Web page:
Late on a Sunday afternoon, after a nearly eight-hour drive, I arrived at The Porches in Norwood, Virginia. I met my host, got the tour, unpacked my stuff, opened my laptop and stared out the large window in front of my writing desk, which overlooked a porch, and beyond the porch, the mountains. It was then that I noticed several strange, faint noises: a slight breeze rustling the tree leaves, the low hum of my ceiling fan, crows calling in the distance and, somewhere in those endless trees, the low rumble of a train. This glorious quiet—so different from home, filled me with excitement, but also something else…fear. You see there was nothing to do here but write. I’d come all this way, and now it was time to, well, put up or shut up about never having any time to work. A part of me wanted to hop in the car and drive back to Ohio. But I didn’t. I made a cup of tea. I unpacked my milk crate of background reading on topics related to the novel I was here to outline, and I cracked open the first book.
Now nearly a week later, I can’t believe it’s already time to pack up, despite there being so many moments when time went so very slowly. Just this morning, I’ve been watching a leaf katydid on the wicker chair directly outside my window. It has taken her three hours to move her body into a position from which I believe she might be getting ready to lay eggs. I don’t know much about leaf katydids, though I know she is one, based on a photo in one of my daughter’s books. It’s taking every ounce of my discipline to keep working and not Google leaf katydids, though at some point I probably will, and I’ll learn something new.
Here are some of the things I learned during my week of writing solitude:
- Writing my day’s goals on a notepad with a picture of a fluffy white kitten holding a large ball of yarn makes those goals seem less daunting. (However, I never did accomplish all the daily goals I set out to. That’s okay. Better to aim very high and fall a little short than the alternative.)
- Silence takes a little getting used to, even for someone like me who really enjoys it.
- Having a big soft bed just a few feet from my writing area pretty much requires a brief afternoon nap. Naps are underrated. I wish you, and me, and everyone, could incorporate them into our daily lives, no matter what line of work we’re in.
- Being away from the kids, the hubs, the dog! for more than one night makes me miss them terribly. Then, that feeling goes away, briefly. Then, it comes back. Then, it becomes a sharp ache in my chest when I hear their voices (not the dog’s) on the phone.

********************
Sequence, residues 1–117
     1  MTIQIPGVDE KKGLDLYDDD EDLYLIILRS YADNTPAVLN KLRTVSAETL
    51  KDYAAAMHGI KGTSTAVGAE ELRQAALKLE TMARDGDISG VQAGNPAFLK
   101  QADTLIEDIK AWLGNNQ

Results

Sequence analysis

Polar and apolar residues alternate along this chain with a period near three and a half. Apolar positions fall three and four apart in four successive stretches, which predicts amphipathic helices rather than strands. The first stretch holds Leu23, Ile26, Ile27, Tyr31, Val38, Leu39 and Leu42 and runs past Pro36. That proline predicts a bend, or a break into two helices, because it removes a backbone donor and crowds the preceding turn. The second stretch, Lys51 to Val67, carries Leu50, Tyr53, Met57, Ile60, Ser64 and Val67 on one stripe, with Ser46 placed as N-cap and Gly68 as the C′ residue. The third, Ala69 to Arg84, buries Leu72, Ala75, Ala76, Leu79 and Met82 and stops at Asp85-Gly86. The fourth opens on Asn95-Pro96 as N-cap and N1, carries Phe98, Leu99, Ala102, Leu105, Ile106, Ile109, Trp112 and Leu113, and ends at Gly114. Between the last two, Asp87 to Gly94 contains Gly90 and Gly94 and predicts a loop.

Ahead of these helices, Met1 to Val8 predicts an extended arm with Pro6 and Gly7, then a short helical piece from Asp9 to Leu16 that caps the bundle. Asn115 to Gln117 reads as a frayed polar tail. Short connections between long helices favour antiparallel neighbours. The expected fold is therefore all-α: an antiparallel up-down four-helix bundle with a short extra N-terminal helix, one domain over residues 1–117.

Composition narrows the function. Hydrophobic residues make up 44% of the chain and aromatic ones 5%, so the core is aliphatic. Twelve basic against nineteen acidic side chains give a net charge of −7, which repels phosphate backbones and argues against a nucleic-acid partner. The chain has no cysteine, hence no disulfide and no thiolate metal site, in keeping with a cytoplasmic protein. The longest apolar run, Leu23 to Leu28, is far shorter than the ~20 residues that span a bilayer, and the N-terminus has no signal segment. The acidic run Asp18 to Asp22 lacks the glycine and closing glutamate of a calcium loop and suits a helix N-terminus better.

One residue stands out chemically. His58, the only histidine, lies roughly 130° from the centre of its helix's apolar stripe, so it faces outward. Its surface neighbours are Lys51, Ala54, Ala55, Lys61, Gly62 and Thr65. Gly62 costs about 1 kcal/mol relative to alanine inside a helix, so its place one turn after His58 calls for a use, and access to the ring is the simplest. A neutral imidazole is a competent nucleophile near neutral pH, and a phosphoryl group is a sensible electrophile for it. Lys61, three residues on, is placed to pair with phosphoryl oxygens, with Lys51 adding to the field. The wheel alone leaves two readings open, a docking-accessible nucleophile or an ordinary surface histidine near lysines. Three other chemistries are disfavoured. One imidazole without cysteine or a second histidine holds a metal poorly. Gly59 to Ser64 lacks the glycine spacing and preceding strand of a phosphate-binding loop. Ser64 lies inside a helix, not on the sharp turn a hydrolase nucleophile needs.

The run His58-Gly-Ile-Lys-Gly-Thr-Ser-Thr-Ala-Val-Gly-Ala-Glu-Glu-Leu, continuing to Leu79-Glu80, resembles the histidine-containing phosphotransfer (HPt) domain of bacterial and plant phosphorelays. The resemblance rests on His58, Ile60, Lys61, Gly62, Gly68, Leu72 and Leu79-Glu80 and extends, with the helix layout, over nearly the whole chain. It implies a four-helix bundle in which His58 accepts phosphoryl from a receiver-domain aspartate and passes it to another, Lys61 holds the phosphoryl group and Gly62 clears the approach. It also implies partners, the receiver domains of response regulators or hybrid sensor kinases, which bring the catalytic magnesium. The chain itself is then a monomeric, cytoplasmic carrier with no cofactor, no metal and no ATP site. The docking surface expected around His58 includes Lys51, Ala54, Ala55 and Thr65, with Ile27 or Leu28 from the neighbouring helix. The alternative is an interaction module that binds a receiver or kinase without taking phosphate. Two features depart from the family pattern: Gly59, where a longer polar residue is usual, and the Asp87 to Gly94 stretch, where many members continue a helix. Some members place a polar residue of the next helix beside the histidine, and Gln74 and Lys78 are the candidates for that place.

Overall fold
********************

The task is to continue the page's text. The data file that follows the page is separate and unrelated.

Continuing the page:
- It’s good to switch roles once in awhile. I now have a better understanding of what it’s like when my husband travels and calls to talk, but I can’t because dinner’s on the stove, the cat just choked up a hairball and the kids are having a swordfight with my best candlesticks. It’s good for the hubs to have the chance to be in that role of traffic controller and witness the challenges of single parenting. And it’s good for my kids to see that mommy, too, loves her work and devotes time to it. I show them articles I’ve published, but they’re a little young to really understand the job of ‘writer.’ They’re also not astute enough to pick up on the fact that it’s kind of weird mommy writes in a closet…
- Time is relative. An hour or so into my first evening, I realized there was no clock in the room, no clocks anywhere to be found. I like clocks. I have a lot of them at home and as a type-A person, I look at them, often. Of course, my laptop has a clock and my cell phone, and I’d brought my watch, though didn’t plan on wearing it. It’s not as though I couldn’t find out the time, but the fact that it took some effort meant I was free to work with my own internal rhythms rather than the world’s, and this was ultimately rather amazing. When I got tired outlining, I’d switch to reading, then I might send an email (my goal to stay off the Internet was broken within hours…). When I was hungry, I ate. When I was tired, I slept. With the family at home, everything runs on such a tight schedule. At The Porches, it was liberating to follow my own instincts, and so conducive to the kind of free association I was doing with my new book, chasing down ideas to see where they might lead.
- To piggyback on that idea, here’s perhaps the most important thing I learned—time spent looking out the window is time well spent. Because I have very small chunks of time to write at home, I often feel like I must “accomplish something,” must be able to cross something off my list before time’s up. That works for some projects (e.g. drafting a scene once I already have a tight outline), but it simply does not work when I’m in the planning stages of a big project like this new book. At home, “daydream about possible scenes for the new novel” never made it on the list. There was laundry to do, and that seemed like a better use of my time. Here, daydreaming is encouraged and in fact expected. My mind can come up with all sorts of crazy ideas when I allow it to wander. Also, daydreaming helps that tricky brain of mine to continue working on my novel when I don’t even realize it. For example, after returning my fingers to the keys after watching my friend the katydid for twenty minutes, I found that I’ve somehow solved a major plot issue. Miraculous.
Marcy Campbell’s recent work can be found in The McSweeney’s Internet Tendency, The Millions and The Writer Magazine. When she’s not playing with her kids or working on her novel, she’s blogging as The Closet Creative: www.marcycampbell.blogspot.com
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